After you’ve defined your three key values, you need to make some rules about how they will be communicated in writing.
Use a spectrum to get an idea of where you want to sit. From humorous to serious, formal to casual, or inspirational to straightforward, this will clue your copywriters and content creators in on where their pieces should rest.
Keep in mind who you will be writing for. If it’s other businesses, you may want a professional-yet-approachable tone, whereas if you’re customer-facing you may desire a fun-and-exciting voice.
Then, decide on your actual vocabulary.
Complexity: Consider if terms like ‘altruistic’ and ‘amicable’ or simpler vocabulary would suit your audience’s reading level.
Humour: If you’re treading the fine line of a humorous style, make sure it comes across as such to people outside the company.
No-go terms: What will your brand absolutely not say? For instance, travel companies might avoid cliches like ‘crystal clear waters’ or ‘something for everyone’.
Colloquialisms and technical jargon: Defining something as cheap-as-chips might work for some, while it may be too casual for others. The same goes for confusing industry terminology (in general, unnecessary terms are better left out).
Nitty gritty grammar: More formal writing may stray away from starting sentences with ‘and’ or ‘but’. Meanwhile, relaxed styles may want to avoid stuffy terms like ‘whom’ and ‘amongst.’ Conjunctions are another consideration: does your brand prefer ‘they’re’ or ‘they are’, ‘it’s’ or ‘it is’?
Punctuation: In a list, will you separate the second and third options with the Oxford comma? Are exclamation points strictly off limits? Does the full stop go inside or outside quotation marks? What type of dash will you –use long em dashes, medium en dashes, or two hyphens together?
Swearing: If you plan to allow swearing as part of your brand’s voice like Dollar Shave Club did in the product description example at the start of this article, it needs to match your values. If you’d define your brand as ‘rebellious’, then it probably works for you. If you swing more toward ‘cheerful’, it’s better to stay away.
When the small details have been hammered out, it’s time to look big picture. Storytelling allows you to present information to your customers that resonates with them on an emotional level. Stories also lead readers from one point to the next, so they won’t get lost in waves of ideas.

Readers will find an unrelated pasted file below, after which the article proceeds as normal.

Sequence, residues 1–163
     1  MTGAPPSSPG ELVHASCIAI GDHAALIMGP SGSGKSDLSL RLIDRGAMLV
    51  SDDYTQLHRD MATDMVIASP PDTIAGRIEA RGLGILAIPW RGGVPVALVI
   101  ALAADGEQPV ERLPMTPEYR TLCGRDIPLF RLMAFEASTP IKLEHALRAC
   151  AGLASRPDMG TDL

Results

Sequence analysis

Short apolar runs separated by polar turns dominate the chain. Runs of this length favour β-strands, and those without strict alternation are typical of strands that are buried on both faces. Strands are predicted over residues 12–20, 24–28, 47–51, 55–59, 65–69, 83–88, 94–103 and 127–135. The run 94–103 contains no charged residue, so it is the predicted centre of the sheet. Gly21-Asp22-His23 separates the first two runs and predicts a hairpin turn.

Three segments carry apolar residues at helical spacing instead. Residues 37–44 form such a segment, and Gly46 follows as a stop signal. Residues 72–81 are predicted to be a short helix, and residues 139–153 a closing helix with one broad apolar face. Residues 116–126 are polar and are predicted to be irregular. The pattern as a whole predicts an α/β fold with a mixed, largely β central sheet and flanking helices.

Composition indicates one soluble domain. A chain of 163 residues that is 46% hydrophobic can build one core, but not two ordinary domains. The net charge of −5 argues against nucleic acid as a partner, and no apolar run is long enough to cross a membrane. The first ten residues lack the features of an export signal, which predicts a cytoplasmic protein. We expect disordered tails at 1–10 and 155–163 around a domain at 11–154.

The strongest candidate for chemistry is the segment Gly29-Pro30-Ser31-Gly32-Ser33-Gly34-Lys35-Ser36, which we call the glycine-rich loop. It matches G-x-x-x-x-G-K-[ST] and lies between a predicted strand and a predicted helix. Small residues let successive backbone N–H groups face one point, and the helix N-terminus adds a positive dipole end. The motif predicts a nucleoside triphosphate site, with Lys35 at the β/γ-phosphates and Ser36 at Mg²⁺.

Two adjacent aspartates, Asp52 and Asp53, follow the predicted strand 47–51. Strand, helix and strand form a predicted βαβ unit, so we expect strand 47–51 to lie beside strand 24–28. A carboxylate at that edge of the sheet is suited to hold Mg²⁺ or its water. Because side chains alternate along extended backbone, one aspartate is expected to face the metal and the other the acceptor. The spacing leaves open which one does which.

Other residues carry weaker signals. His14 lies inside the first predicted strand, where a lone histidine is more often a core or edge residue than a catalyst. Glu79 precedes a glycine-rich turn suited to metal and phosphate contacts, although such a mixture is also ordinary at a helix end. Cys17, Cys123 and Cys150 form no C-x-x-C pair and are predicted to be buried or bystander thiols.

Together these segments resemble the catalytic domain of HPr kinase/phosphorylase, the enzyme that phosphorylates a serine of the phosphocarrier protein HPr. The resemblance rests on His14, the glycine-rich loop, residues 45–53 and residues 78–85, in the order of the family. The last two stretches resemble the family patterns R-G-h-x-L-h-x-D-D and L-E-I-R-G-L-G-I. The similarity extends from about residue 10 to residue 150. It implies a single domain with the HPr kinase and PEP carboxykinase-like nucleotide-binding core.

While not appropriate in every situation, you’ll be surprised at how frequently a story can replace mundane text.
History of your company is a good place to start. Instead of writing a bland background, give it some life by telling a compelling story about the founder’s journey.
Or, find ways to tell everyday stories. For example, GoPro highlights the videos and stories of its everyday users.
Or create a sub-culture around doing things differently. The American, outdoor gear brand, REI, combated the commercialism of Black Friday by showing the stories and photos of customers who chose to #OptOutside instead of spending the day shopping.
The biggest hurdle to implementing a tone of voice is getting everyone involved.
Your organisation and writers need to first believe in your core values – yet another reason they must be a genuine representation of your company. Having these values in place gives you guidance for which content creators to hire, and helps you bring your current ones up to speed.
Go through examples of what hits the mark, and be thorough with editing and feedback at the beginning. Give each writer copies of the guidelines, make sure they understand what’s expected and check in with them to see how it’s going.
Your tone of voice should resound from every aspect of your business. It pulls together your team and creates stronger emotional bonds with your audience.
If you’re true to your values, tone of voice will follow, and copy will become easier to write. You’ll find that everything you create can be traced back to who you are as a company, and you’ll be attracting customers based on more than just the products you sell.